Another term for kaolin.
- In 1746 William Cookworthy, a Plymouth chemist, recognized the occurrence of kaolin in Cornwall, in south-west England, and subsequently manufactured porcelain from Cornish china clay.
- Following Meissen and Sèvres products, British potters began to use china clay or kaolin, when in 1768 William Cookworthy, a Plymouth chemist, proved the potential of the kaolin reserves of Cornwall.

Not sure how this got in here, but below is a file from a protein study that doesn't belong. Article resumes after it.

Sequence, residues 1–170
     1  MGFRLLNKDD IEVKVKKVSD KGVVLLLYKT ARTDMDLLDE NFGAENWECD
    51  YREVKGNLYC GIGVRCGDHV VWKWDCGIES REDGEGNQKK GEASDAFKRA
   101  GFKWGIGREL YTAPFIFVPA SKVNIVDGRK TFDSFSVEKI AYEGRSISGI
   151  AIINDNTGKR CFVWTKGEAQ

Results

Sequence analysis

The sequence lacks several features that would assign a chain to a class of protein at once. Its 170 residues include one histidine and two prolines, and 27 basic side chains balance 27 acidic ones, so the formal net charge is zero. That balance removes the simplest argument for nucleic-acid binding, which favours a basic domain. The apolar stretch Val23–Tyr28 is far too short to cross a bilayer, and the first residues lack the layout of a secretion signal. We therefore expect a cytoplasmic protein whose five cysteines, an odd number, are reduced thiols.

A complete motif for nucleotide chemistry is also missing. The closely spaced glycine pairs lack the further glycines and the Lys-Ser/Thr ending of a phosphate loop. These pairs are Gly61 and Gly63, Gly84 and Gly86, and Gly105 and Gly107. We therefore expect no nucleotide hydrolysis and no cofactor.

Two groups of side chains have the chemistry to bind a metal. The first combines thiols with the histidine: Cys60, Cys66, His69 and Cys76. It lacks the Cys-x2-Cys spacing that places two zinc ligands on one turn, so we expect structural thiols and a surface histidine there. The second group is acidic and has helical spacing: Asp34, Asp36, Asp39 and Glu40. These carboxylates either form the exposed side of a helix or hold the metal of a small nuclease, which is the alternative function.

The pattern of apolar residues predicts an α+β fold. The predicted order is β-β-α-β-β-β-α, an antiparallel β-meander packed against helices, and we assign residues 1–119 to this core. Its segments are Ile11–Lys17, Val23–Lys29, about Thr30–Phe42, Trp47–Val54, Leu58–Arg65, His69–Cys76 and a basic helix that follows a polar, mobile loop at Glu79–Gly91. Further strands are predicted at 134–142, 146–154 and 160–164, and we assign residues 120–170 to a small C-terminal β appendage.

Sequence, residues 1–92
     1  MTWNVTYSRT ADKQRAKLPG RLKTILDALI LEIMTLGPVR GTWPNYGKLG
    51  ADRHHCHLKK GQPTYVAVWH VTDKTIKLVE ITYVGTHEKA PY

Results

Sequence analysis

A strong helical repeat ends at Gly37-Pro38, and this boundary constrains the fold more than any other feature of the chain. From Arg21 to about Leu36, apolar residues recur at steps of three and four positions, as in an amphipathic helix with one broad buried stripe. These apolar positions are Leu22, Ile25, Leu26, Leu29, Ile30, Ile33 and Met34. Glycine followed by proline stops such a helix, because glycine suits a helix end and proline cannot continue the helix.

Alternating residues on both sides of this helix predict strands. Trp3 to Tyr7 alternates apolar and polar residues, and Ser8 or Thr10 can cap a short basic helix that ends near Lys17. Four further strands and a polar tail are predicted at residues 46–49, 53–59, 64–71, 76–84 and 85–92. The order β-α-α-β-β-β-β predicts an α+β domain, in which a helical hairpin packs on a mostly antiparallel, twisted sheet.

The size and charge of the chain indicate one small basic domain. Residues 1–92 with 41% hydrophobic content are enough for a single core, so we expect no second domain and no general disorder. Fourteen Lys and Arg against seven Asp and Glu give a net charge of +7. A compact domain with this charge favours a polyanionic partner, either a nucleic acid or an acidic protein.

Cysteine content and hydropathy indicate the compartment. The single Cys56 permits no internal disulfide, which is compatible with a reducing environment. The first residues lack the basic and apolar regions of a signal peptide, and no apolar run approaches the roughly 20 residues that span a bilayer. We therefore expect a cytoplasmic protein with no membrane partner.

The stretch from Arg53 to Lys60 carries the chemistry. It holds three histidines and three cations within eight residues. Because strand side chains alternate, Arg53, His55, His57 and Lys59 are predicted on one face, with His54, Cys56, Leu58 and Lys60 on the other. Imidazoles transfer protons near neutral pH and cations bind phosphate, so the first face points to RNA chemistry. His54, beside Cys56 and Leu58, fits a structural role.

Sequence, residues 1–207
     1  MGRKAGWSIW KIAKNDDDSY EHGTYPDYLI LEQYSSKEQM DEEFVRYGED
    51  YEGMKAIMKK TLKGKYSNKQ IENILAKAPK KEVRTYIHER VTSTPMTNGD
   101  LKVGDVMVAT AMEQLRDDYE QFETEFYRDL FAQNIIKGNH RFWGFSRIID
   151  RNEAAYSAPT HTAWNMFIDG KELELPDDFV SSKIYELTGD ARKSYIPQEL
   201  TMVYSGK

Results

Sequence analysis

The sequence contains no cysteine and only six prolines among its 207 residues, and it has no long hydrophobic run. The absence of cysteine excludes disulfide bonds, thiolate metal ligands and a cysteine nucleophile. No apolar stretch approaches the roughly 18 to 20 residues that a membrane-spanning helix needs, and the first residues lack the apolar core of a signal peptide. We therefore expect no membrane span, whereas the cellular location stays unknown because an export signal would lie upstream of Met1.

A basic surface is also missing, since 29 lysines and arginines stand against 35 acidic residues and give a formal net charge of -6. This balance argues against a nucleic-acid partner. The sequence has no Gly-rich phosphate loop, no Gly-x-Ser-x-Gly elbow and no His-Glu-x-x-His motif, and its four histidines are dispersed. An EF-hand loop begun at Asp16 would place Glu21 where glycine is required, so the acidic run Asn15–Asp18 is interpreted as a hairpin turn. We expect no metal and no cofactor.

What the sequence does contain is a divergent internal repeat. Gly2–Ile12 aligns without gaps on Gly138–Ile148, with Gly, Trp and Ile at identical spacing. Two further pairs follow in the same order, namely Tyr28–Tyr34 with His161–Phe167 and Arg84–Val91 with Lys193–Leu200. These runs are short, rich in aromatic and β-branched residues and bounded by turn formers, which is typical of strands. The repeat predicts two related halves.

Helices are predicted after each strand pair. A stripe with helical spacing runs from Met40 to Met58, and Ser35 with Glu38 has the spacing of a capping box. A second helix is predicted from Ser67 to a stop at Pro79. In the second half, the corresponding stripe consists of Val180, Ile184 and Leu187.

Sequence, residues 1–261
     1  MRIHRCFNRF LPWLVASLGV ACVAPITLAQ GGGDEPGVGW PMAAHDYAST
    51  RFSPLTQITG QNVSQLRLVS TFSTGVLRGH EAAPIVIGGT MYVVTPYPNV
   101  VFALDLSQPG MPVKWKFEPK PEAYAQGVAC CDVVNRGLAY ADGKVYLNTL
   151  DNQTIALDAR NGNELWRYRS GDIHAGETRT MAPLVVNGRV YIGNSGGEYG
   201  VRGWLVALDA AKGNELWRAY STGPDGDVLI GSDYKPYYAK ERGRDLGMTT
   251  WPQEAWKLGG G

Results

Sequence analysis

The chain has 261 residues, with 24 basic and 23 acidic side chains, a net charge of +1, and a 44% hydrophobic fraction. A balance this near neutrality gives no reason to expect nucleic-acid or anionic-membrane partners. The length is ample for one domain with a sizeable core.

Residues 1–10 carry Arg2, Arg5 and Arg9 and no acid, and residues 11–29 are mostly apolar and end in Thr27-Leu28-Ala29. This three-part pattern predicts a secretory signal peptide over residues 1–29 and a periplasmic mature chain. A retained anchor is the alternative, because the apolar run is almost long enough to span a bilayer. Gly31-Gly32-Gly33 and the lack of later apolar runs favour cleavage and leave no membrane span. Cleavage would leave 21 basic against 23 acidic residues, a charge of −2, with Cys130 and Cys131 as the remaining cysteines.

- Surprisingly, many of these are inorganic minerals; for example talc and kaolin or china clay.
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